Prevalence, Awareness, Treatment and Control of Hypertension in Rural and Urban Communities in High-, Middle-, and Low-Income Countries
Chow, Clara K.
Koon, Teo K.
Ismail, Noor Hassim
MetadataShow full item record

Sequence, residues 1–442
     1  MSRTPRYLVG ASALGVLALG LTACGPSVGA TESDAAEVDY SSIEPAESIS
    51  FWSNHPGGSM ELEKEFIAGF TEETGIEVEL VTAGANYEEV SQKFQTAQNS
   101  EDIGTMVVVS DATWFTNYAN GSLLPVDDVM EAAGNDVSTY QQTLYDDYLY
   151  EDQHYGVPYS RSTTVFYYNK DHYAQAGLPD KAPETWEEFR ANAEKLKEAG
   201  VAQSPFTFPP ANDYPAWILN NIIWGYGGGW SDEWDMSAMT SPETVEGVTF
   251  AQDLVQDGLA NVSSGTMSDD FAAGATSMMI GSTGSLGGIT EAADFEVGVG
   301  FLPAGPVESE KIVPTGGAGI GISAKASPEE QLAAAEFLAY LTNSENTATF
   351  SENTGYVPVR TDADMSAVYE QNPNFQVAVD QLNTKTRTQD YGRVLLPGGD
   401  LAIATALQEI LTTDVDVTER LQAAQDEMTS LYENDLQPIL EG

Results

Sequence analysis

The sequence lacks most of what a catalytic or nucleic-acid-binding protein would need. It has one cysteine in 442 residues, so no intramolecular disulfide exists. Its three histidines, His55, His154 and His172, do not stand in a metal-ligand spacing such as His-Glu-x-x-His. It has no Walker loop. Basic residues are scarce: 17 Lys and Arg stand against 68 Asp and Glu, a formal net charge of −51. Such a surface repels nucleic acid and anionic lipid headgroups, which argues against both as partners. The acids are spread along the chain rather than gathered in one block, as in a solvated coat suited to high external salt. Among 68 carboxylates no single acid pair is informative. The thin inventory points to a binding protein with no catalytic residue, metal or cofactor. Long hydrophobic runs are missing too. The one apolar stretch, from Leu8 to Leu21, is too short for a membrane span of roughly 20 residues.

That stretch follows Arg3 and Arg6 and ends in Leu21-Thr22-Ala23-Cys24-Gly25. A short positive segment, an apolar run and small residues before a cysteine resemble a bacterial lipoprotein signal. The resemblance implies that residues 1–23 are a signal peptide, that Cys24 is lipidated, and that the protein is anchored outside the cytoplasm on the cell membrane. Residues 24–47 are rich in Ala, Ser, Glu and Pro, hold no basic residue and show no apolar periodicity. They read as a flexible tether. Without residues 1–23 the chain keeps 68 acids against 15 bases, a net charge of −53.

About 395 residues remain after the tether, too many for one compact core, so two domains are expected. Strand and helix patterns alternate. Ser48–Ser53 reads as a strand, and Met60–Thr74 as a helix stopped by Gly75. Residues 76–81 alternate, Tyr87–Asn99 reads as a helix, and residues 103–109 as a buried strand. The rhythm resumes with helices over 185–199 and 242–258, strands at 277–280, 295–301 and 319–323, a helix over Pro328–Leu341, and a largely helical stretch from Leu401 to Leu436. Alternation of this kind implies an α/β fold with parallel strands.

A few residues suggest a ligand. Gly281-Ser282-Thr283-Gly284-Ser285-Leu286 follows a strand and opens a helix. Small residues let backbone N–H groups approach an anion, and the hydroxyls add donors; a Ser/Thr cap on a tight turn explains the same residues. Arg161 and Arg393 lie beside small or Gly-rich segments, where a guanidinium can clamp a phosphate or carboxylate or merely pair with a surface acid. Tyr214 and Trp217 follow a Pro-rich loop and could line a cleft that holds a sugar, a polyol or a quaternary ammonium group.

IMPORTANCE: Hypertension is the most important preventable cause of morbidity and mortality globally, yet there are relatively few data collected using standardized methods. OBJECTIVE: To examine hypertension prevalence, awareness, treatment, and control in participants at baseline in the Prospective Urban Rural Epidemiology (PURE) study. DESIGN, SETTING, AND PARTICIPANTS: A cross-sectional study of 153,996 adults (complete data for this analysis on 142,042) aged 35 to 70 years, recruited between January 2003 and December 2009. Participants were from 628 communities in 3 high-income countries (HIC), 10 upper-middle-income and low-middle-income countries (UMIC and LMIC), and 4 low-income countries (LIC). MAIN OUTCOMES AND MEASURES: Hypertension was defined as individuals with self-reported treated hypertension or with an average of 2 blood pressure measurements of at least 140/90 mm Hg using an automated digital device. Awareness was based on self-reports, treatment was based on the regular use of blood pressure-lowering medications, and control was defined as individuals with blood pressure lower than 140/90 mm Hg. RESULTS: Among the 142,042 participants, 57,840 (40.8%; 95% CI, 40.5%-41.0%) had hypertension and 26,877 (46.5%; 95% CI, 46.1%-46.9%) were aware of the diagnosis. Of those who were aware of the diagnosis, the majority (23,510 [87.5%; 95% CI, 87.1%-87.9%] of those who were aware) were receiving pharmacological treatments, but only a minority of those receiving treatment were controlled (7634 [32.5%; 95% CI, 31.9%-33.1%]). Overall, 30.8%, 95% CI, 30.2%-31.4% of treated patients were taking 2 or more types of blood pressure-lowering medications. The percentages aware (49.0% [95% CI, 47.8%-50.3%] in HICs, 52.5% [95% CI, 51.8%-53.2%] in UMICs, 43.6% [95% CI, 42.9%-44.2%] in LMICs, and 40.8% [95% CI, 39.9%-41.8%] in LICs) and treated (46.7% [95% CI, 45.5%-47.9%] in HICs, 48.3%, [95% CI, 47.6%-49.1%] in UMICs, 36.9%, [95% CI, 36.3%-37.6%] in LMICs, and 31.7% [95% CI, 30.8%-32.6%] in LICs) were lower in LICs compared with all other countries for awareness (P <.001) and treatment (P <.001). Awareness, treatment, and control of hypertension were higher in urban communities compared with rural ones in LICs (urban vs rural, P <.001) and LMICs (urban vs rural, P <.001), but similar for other countries. Low education was associated with lower rates of awareness, treatment, and control in LICs, but not in other countries. CONCLUSIONS AND RELEVANCE: Among a multinational study population, 46.5% of participants with hypertension were aware of the diagnosis, with blood pressure control among 32.5% of those being treated. These findings suggest substantial room for improvement in hypertension diagnosis and treatment.